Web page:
Couple Acquitted on Charges Stemming from Alaska Wildfire

PALMER, Alaska (CN) – After a day and a half of deliberations, a state court jury in Alaska found two Anchorage residents not guilty of starting a June 2015 fire that ripped through the community of Willow and burned thousands of acres of forest, destroyed more than 55 homes and killed pets, sled dogs and wildlife.

Anchorage residents Greg Imig, 61, and Amy DeWitt, 43, were charged with 12 misdemeanors in the Sockeye Fire, including reckless endangerment, criminally negligent burning, leaving a fire unattended with damage to property, and burning without a permit after one of three burn piles on Imig’s property got out of control.

Willow, about two hours north of Anchorage, is a major hub for dog mushers and their kennels, and home to the start of the Iditarod Trail Sled Dog Race. Others, like Imig, own secondary property there for recreation away from the city.

DeWitt’s attorney, Philip Shanahan, had asked that she be found not guilty, while Imig’s attorney, Kevin Fitzgerald, maintained the fire started 50 yards ahead of his client’s property and the only charge that evidence supports is burning without a permit.

Despite this acknowledgment of burning without a permit, the six jurors – three women and three men – found Imig not guilty on that count as well.

In closing arguments last week, Assistant District Attorney Eric Senta spent about 90 minutes recapping testimony from more than a dozen witnesses and experts who took the stand for the state over the course of 12 days.

Senta told the jurors that wildfire investigators had gathered enough information to prove guilt beyond a reasonable doubt. Conversely Imig’s and DeWitt’s attorneys maintained there was not enough evidence to support pointing the finger solely at their clients.

“This fire crept out from that fire pit, building in intensity, then it hits one single tree and it goes up, and from there it goes south. That’s what [the fire investigators’] conclusion is, that’s what the defendants say happened. That I submit to you solves the case,” Senta told the jurors.

The defense brought in their own private fire investigators who testified the state’s investigation was “sloppy and biased.”

“The explanation, the hypothesis described by the state is inconsistent with common sense, it’s inconsistent with the science behind wild land fire investigation and it’s inconsistent with the other evidence,” Fitzgerald told jurors.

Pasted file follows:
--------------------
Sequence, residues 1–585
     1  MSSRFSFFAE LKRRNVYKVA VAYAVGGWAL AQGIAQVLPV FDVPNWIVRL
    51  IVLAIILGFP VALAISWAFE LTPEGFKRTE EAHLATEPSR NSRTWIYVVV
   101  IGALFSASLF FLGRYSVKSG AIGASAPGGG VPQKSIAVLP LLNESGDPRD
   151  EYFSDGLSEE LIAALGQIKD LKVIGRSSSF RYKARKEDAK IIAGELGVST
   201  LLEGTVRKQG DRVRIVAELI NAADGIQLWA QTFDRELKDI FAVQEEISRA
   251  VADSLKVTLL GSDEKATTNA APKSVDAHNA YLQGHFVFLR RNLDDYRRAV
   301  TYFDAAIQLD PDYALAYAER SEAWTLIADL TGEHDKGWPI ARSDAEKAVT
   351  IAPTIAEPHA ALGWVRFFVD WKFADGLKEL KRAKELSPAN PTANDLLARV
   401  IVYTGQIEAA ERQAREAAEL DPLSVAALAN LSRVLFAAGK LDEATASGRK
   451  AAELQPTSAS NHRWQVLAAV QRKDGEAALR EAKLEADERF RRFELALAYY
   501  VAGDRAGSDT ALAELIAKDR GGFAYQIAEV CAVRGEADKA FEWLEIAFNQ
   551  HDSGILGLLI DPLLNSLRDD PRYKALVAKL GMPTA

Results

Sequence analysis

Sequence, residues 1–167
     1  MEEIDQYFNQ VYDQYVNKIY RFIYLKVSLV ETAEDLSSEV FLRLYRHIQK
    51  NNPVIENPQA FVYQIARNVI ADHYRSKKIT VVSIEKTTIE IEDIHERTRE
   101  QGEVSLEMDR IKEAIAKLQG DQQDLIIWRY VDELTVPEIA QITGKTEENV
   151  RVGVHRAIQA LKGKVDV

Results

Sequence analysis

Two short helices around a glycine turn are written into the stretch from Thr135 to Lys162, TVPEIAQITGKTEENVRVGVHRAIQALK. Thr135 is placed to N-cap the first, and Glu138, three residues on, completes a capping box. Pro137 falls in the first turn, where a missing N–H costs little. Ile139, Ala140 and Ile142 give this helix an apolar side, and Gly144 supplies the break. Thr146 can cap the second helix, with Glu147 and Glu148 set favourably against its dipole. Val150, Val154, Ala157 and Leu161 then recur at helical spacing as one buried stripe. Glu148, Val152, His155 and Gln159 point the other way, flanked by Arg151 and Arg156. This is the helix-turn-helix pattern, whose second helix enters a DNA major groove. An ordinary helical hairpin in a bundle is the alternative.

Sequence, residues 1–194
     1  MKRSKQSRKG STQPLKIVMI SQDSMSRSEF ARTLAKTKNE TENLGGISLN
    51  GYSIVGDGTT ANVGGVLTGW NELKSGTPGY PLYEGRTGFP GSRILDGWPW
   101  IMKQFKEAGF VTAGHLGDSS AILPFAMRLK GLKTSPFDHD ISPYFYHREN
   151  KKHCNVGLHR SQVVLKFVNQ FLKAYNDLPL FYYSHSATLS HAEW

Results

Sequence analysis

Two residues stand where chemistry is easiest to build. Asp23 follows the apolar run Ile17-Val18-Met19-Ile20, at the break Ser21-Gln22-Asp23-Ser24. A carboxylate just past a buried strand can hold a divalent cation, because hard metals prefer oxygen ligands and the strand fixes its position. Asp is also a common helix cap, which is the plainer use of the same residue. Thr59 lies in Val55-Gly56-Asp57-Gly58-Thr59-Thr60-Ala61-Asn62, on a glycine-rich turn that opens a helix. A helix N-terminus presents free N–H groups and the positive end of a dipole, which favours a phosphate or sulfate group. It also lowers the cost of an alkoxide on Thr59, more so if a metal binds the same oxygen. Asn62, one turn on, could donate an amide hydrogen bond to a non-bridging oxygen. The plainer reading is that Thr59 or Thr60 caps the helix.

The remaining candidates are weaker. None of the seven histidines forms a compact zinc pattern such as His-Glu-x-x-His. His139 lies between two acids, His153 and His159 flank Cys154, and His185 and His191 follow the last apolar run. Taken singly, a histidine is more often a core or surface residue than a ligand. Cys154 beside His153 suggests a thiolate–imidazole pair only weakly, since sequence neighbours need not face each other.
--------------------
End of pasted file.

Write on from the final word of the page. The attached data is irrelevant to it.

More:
After the verdict, Imig told reporters the fire had been costly for him too.

“From the beginning, Amy and I have been forthright and honest and frankly this trial by the state of Alaska was wasteful and unneeded. We knew we had to take this path to clear our name,” Imig said in a statement to reporters after hugging and thanking their friends and family. “We too lost our property and possessions in the willow fire and combined with this trial has been very costly for us.”

Victims of the fire, some who sat through each day of trial and others who testified, were visibly disappointed and dismayed by the verdict – particularly the acquittal on the one charge the defense acknowledged. None of the jurors or attorneys have commented yet why that charge did not stick.

“It’s hard not to be bitter, it’s hard not to be angry,” fire victim Carrie Smolden told KTUU Channel 2 News after hearing the verdict. “It’s hard to understand why the six jurors thought they were innocent.”

The Sockeye Fire – named for Sockeye Road, where the fire began on a dry 80-degree day nearly two years ago – cost more than $8 million to fight, and millions more in material losses. Had they been found guilty, Imig and DeWitt would have been required to pay double that dollar amount in damages and firefighting costs.

The verdict only ends the criminal proceedings. State attorneys and fire victims are still weighing whether to file civil suits against Imig and DeWitt.


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